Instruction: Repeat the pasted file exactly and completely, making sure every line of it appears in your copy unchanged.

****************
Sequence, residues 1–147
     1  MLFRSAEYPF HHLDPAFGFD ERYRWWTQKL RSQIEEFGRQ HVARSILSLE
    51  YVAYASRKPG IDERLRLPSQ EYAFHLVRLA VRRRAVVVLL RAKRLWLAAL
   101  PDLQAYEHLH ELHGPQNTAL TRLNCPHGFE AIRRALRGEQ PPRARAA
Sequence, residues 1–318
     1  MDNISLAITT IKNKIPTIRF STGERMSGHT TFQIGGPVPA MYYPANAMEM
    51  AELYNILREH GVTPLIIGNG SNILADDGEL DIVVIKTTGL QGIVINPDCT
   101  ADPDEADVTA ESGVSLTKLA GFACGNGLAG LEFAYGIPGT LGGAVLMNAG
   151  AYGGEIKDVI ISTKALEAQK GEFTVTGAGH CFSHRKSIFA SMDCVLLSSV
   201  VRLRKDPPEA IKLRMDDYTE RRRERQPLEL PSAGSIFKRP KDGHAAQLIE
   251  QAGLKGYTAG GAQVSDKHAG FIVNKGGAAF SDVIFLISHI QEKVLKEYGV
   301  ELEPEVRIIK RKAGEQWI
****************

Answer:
Sequence, residues 1–147
     1  MLFRSAEYPF HHLDPAFGFD ERYRWWTQKL RSQIEEFGRQ HVARSILSLE
    51  YVAYASRKPG IDERLRLPSQ EYAFHLVRLA VRRRAVVVLL RAKRLWLAAL
   101  PDLQAYEHLH ELHGPQNTAL TRLNCPHGFE AIRRALRGEQ PPRARAA
Sequence, residues 1–318
     1  MDNISLAITT IKNKIPTIRF STGERMSGHT TFQIGGPVPA MYYPANAMEM
    51  AELYNILREH GVTPLIIGNG SNILADDGEL DIVVIKTTGL QGIVINPDCT
   101  ADPDEADVTA ESGVSLTKLA GFACGNGLAG LEFAYGIPGT LGGAVLMNAG
   151  AYGGEIKDVI ISTKALEAQK GEFTVTGAGH CFSHRKSIFA SMDCVLLSSV
   201  VRLRKDPPEA IKLRMDDYTE RRRERQPLEL PSAGSIFKRP KDGHAAQLIE
   251  QAGLKGYTAG GAQVSDKHAG FIVNKGGAAF SDVIFLISHI QEKVLKEYGV
   301  ELEPEVRIIK RKAGEQWI